Gone may be the days when you couldn't find a laser printers for much under £300. Even so, the £59 Brother HL-1110 looks astonishingly affordable even by today’s standards.
That's doubly so given that the latter is actually a rather smart little device. Very little, in fact, and it boasts a space-saving design that gobbles up only a modest amount of your deskspace. When the printer isn't in use, its footprint is sufficiently modest to allow it to fit onto a shelf.
Input and output trays can be quickly pulled out and dropped into place in a clever design that brings to mind those craftily-conceived compact BA in-flight meal packs. Luckily, the Brother HL-1110 packs rather more bite, and the input tray can hold up to 150 sheets – a not insubstantial amount for a modestly-priced model.
What you do miss out on are added features. The Brother's rather spartan exterior – a brace of LEDs and a power button are the only adornments – is no deception, and there isn't really a great deal to the HL-1110 other than reliable printing.
The USB 2.0 port is the sole connection, so there are no wireless or ethernet interfaces. Given the low price, businesses could afford to buy several of these models, and have them connected directly to machines rather than through a network. Neither is there support for USB drives or memory cards. When it comes to features, then, the HL-1110 feels a little as though it has stepped through a time warp.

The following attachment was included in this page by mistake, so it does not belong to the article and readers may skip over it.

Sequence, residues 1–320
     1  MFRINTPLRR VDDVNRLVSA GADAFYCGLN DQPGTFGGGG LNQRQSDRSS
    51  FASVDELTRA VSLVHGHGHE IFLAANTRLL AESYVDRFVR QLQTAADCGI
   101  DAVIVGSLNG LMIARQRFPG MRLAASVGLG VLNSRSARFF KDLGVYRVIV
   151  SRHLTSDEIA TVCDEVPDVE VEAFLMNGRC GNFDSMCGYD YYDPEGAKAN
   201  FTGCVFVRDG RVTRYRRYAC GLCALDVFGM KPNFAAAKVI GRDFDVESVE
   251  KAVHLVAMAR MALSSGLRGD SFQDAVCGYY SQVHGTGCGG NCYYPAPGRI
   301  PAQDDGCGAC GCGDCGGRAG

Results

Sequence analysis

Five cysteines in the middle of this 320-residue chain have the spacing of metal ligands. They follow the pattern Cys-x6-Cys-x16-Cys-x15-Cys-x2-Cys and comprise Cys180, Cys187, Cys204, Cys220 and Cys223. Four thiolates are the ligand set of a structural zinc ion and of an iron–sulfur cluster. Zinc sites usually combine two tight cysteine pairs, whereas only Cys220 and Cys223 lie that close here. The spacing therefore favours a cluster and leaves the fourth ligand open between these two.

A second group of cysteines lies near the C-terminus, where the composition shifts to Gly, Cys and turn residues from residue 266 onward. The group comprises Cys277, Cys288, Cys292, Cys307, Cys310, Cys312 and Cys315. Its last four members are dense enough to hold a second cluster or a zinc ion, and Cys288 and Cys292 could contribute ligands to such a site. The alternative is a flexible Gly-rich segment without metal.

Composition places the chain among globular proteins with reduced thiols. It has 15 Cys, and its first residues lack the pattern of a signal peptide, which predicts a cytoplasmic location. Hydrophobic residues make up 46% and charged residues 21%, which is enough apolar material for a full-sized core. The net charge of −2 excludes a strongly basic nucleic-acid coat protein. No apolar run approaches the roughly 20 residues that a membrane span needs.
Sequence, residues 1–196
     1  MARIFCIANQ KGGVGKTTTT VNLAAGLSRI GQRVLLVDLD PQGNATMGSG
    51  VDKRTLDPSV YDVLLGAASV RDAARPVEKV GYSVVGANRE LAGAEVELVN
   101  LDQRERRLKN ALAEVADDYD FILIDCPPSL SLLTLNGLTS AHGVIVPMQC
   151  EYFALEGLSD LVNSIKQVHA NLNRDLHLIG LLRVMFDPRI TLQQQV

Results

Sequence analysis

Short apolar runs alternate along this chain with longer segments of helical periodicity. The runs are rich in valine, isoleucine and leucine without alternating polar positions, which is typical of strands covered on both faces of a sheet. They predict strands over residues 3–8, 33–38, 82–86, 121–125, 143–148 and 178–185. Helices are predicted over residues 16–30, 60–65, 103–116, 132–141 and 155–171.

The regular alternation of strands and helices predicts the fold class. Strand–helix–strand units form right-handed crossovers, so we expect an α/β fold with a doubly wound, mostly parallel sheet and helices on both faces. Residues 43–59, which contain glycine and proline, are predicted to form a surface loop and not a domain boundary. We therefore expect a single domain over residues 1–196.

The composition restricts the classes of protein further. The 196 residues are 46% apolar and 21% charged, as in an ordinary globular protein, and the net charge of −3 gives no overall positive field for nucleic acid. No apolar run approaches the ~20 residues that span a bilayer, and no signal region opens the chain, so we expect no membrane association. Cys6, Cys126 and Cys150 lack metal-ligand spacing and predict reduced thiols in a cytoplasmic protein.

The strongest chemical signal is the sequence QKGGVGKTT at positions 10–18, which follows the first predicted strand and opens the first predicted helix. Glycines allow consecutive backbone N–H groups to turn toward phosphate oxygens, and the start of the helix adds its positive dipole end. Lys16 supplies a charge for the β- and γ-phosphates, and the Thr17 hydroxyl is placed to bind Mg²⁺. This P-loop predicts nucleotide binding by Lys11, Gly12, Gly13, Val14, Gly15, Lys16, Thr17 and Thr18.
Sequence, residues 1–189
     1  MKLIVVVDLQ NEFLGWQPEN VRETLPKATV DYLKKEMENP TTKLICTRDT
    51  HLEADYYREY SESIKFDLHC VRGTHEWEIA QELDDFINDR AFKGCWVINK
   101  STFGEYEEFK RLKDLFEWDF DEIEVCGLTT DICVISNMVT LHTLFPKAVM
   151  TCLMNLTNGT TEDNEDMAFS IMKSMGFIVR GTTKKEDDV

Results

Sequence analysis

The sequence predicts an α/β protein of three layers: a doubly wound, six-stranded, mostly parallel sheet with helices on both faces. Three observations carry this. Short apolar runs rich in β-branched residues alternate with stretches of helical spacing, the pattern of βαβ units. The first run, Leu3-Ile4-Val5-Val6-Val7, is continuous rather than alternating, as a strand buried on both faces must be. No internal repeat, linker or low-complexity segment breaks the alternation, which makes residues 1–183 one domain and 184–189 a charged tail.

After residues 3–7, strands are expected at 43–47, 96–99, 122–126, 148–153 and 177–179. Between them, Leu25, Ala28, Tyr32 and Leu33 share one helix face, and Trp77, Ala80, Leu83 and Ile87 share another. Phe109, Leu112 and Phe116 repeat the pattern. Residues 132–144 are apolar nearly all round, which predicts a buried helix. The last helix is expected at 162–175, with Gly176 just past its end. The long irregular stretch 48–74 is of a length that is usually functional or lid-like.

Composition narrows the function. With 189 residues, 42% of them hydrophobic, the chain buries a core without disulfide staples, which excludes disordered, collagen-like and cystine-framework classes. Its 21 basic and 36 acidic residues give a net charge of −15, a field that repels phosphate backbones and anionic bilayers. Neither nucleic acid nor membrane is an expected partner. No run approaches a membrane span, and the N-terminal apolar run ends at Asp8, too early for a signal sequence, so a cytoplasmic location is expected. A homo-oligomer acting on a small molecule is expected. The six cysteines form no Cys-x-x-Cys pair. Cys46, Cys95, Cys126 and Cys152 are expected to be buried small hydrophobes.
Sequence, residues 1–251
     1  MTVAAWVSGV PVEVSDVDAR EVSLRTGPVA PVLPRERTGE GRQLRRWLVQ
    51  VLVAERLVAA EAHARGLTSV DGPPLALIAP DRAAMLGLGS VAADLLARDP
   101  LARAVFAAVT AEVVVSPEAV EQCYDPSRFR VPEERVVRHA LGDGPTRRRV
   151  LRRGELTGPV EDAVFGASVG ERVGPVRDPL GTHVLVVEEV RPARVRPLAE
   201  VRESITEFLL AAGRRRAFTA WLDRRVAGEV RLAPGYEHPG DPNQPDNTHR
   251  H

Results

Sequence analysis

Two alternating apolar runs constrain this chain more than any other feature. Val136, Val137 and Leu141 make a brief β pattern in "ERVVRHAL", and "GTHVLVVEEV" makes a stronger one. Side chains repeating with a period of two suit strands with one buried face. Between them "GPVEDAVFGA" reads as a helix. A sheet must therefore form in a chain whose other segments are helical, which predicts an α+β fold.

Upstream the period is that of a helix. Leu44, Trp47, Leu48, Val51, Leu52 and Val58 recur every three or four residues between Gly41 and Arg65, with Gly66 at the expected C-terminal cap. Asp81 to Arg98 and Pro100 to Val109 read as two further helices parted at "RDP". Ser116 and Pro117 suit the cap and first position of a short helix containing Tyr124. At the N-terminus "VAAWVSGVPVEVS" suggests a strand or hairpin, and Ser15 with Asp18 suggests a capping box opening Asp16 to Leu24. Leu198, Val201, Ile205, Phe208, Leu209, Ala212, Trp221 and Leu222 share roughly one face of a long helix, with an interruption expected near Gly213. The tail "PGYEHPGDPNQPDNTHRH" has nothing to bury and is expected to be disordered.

Provided all you want is reliable printing, though, that's unlikely to be an issue. The HL-1110's clever design aims to keep paper jams down, and we experienced no problems while testing this model. That's quite an important consideration if you're looking at this price level, as some of the sub-£100 competitors have shoddy mechanisms that end up churning workloads.
Admittedly, the monthly suggested print volume only stretches to 250 to 1800 pages, so you won't be wanting to use this model for sizeable jobs. For capable everyday prints, though, it makes a lot of sense.
Noise can be an issue as well, and this is one of the loudest models we've tested recently. In a noisy office situation, though, that's less likely to be a concern of the finance officer.
The speed is fairly good, and we achieved 16.4 pages per minute in real-world testing. This made it slightly faster than the (now discontinued) Pantum P2050. Surprisingly, it also placed it marginally ahead of Brother's own HL-3140CW.
The 600 dpi resolution is adequate, and text characters are surprisingly well-rendered, with plenty of depth and relatively crisp lines. It's maybe not so good for graphics, lacking a versatile palette, and with imperfect rendering of blocks and shading.
The 1 MB memory would also be a bar to anything too complex. However, as an occasional text-churner, the Brother will be both fast and effective.
There's no auto-duplex, so you can't save paper costs here. In fact, the Brother is slightly expensive to run. There's only one choice of toner, and that offers 1000 sheets at a cost of around 2.7p a page. That makes it more expensive to run than, for instance, the HL-3140CW, at 2.3p a page, or the Pantum, at 2.4p a page. Nonetheless, the running costs are by no means extortionate, especially given the low purchase cost.
You aren't going to be using the Brother for massive quantities of printing. Neither is it overladen with features. But for the occasional text print job, it'll prove a very willing accomplice. You're getting a very reliable model for an extremely low price point, and that makes it a highly commendable no-frills choice.